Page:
Announcement: Institute of (im)Possible Subjects: Migratory Times

Institute of (Im)possible Subjects

The Institute of (im)Possible Subjects (IiS) is a transnational feminist collective of artists, writers, and researchers.

We are pleased to announce Migratory Times, a global art, research, and education initiative that will be our focus in 2016 and 2017.

We are recipients of an inaugural Abundance Foundation Out of Eden Community Arts Fellowship in support of the project’s launch.

We are working closely with collaborators globally, with primary nodes in S. Korea, the Philippines, and Colombia, engaging in translocal conversations on questions of global migrations, gender, and the politics of movement. Each of these nodes will host, in overlapping sequence, a series of exhibitions, screenings, educational events, and art and media production workshops. The main events, held outside of metropolitan centers, will emerge from research groups and learning circles engaging the experience of migrants and refugees in the different localities; the temporalities of migration; the geo-politics of human migration; and…

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Sharing this gorgeous contribution by Annie Fukushima from my new project 24 hour social studies! Visit at!


by Annie Isabel Fukushima

Here is a lecture I gave drawing upon Mae Ngai’s work, “Impossible Subjects: Illegal Aliens and the Making of Modern America” – “What is an American? Genocide, Relocation, Citizenship and Making of the ‘Illegal’“ (September 23, 2016) at the University of Utah. The class: 100 students, majority students of color with many who have migrant narratives in their own histories and/or their family histories. It was important that we had a conversation about the making of the term “illegal.” Ngai’s work has been seminal for understanding the legal construction of citizenship and the “illegal.“

During the election period, living in a conservative state, where migrant communities are an integral part of the Utah context, discussing migration is ever important.

Lessons learned:

1. The term “illegal” has so much history, that even when you trouble it for students, they may still find it challenging…

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Join us! Alongside the Institute of (im)Possible Subjects’ year long “Migratory Times” art and research project, we announce our next flashread of the introduction to Mae Ngai’s book “Impossible Subjects: Illegal Aliens and the Making of Modern America.” Our namesake!

From 12 a.m February 17 to 20 in your time zone, join us in reading the text and posting responses to this tumblr. Responses can be submitted using the submit button. The reading is posted on the tumblr. Welcome to the conversation!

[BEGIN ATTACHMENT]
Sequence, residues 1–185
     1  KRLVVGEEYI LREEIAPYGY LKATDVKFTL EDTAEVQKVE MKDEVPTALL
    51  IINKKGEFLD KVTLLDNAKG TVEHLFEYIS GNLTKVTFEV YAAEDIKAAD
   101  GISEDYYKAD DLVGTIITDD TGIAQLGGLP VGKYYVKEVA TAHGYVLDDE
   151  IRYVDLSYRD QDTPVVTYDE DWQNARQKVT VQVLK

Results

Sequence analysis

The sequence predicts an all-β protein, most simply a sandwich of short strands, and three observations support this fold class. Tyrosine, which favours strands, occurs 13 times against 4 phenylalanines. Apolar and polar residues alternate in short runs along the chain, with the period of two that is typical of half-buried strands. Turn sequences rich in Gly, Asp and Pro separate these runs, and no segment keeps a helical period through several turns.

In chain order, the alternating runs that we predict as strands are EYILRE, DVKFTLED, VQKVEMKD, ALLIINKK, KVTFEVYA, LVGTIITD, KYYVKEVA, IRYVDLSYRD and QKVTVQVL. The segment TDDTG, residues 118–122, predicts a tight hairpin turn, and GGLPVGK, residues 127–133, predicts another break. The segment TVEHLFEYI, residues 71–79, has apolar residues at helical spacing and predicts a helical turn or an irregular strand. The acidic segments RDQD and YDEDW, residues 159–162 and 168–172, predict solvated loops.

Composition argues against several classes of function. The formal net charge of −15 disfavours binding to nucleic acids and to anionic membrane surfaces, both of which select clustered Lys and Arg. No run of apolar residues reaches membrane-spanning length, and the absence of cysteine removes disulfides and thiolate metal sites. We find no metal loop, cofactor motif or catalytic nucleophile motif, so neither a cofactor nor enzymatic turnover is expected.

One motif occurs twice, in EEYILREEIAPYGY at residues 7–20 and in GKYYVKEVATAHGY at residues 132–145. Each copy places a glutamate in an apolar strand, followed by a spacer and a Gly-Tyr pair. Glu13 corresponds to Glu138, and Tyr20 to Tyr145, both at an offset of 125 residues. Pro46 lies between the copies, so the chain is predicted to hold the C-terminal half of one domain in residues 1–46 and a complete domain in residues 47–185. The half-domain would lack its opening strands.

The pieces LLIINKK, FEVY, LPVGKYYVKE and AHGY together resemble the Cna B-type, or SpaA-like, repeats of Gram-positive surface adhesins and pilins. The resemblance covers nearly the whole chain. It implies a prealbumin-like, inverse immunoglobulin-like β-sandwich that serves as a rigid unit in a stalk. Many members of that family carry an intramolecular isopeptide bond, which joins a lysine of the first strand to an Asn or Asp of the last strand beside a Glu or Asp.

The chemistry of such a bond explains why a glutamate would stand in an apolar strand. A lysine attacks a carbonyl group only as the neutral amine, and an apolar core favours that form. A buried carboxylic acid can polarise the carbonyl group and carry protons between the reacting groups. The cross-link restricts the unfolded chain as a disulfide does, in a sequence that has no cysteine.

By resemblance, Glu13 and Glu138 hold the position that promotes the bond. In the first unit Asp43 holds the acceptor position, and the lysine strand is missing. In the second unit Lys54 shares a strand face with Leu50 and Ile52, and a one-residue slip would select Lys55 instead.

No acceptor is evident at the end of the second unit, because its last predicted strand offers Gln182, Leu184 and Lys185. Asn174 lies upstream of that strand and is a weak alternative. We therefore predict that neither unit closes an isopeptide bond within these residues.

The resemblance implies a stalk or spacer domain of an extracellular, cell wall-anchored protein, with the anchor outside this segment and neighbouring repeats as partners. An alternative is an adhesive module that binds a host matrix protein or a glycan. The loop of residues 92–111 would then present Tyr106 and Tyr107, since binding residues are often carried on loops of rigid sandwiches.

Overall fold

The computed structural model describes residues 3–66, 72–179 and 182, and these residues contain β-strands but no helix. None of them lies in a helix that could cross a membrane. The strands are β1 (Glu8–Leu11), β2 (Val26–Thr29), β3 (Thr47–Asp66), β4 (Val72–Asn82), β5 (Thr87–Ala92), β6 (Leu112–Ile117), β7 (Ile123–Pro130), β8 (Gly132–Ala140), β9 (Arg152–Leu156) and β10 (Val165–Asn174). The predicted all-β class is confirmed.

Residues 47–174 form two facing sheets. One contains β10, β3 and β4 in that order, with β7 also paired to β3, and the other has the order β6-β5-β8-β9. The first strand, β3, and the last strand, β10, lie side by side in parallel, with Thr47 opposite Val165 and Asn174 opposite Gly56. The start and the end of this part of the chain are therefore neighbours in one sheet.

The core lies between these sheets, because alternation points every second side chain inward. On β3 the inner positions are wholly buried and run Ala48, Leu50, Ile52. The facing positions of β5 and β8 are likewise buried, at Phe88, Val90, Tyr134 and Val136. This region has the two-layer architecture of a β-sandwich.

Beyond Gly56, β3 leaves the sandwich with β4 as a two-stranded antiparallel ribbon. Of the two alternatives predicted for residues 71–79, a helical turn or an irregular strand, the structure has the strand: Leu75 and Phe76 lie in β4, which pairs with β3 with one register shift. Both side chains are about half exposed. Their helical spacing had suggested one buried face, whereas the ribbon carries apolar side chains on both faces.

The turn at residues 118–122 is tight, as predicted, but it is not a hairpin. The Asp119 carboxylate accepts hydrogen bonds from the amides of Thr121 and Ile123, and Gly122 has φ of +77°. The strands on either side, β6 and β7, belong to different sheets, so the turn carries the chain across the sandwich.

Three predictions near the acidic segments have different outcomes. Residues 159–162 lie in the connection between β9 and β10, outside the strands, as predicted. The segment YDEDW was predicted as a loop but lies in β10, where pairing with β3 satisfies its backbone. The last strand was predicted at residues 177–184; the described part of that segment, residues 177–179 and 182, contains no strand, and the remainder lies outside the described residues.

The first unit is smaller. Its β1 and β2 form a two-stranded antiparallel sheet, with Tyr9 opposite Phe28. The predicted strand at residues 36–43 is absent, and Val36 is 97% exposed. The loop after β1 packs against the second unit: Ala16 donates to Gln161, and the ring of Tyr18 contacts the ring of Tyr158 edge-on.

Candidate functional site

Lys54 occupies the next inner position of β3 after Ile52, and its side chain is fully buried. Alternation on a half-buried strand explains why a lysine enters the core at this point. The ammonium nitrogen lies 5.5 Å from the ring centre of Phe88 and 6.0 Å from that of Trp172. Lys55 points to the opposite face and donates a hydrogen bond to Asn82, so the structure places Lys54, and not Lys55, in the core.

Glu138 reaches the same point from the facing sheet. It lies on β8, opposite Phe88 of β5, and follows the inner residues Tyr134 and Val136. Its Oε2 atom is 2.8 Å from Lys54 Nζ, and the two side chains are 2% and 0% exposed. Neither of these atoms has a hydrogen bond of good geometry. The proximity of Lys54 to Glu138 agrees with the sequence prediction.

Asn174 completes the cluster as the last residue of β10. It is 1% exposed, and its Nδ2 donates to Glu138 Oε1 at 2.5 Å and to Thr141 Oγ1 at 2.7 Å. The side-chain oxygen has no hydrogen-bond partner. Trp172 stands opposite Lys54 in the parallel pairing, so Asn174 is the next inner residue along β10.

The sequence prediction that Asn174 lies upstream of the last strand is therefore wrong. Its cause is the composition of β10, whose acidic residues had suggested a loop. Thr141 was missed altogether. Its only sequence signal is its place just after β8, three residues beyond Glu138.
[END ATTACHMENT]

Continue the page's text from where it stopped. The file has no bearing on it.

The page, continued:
Happy new year! I’m re-blogging this from The Institute of (Im)Possible Subjects tumblr site. We are super excited to announce a public “flashread” of this text by Stefano Harvey and Fred Moten, The Undercommons: Fugitive Planning and Black Study.

This is the first of many future “flashreads” we will be hosting over the coming year using open access publications as the basis for engaging public symposia and debate.

Lasting for three days, each “flashread” will engage a public readership in discussion about a contemporary theoretical text that addresses the most important issues of our time, from the perspective of the transnational feminist concerns of the editorial collective.

Participation is simple: Read the text and post responses to it to this tumblr via the submissions form. Or just follow along!

All responses are welcome, including images, text, sound, and video.

Looking forward to being in conversation with you about The Undercommons.

Publishing in/with/and Precarity

National Women's Studies Association Conference "I'm Presenting: Precarity" Badge

National Women’s Studies Association Conference “I’m Presenting: Precarity” Badge

As the badge (which suffers from a bit of irony deficiency), provided by the NWSA tells you: “I’m Presenting!” at Precarity, the NWSA Annual Conference. Organized by Laura Fantone, a member of the editorial collective of the Institute of (Im)Possible Subjects (I(i)S), several members of the I(i)S are leading a workshop that will share experiences of publishing and envision new possibilities for transnational feminist publishing. To widen the circle of the conversation, we are asking for contributions of stories about publishing, which we will use as taking off points for our discussion. The I(i)S is a platform for knowledge creation and sharing, and this is one of many ongoing events that, we hope, instigates critical engagement in the current conditions of publishing and starts new threads of conversation.

Please share your stories, good, bad, ugly, critical, joyful, indifferent, with us here. Here is the text from the call for contributions: